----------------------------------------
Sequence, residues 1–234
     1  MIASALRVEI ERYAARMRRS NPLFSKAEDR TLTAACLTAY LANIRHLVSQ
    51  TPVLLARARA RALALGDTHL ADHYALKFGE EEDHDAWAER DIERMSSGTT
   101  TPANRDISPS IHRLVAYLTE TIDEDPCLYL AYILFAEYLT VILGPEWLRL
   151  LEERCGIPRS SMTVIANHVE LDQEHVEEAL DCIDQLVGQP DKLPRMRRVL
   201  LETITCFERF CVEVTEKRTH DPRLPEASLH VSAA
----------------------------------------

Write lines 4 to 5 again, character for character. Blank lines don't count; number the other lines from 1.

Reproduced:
   101  TPANRDISPS IHRLVAYLTE TIDEDPCLYL AYILFAEYLT VILGPEWLRL
   151  LEERCGIPRS SMTVIANHVE LDQEHVEEAL DCIDQLVGQP DKLPRMRRVL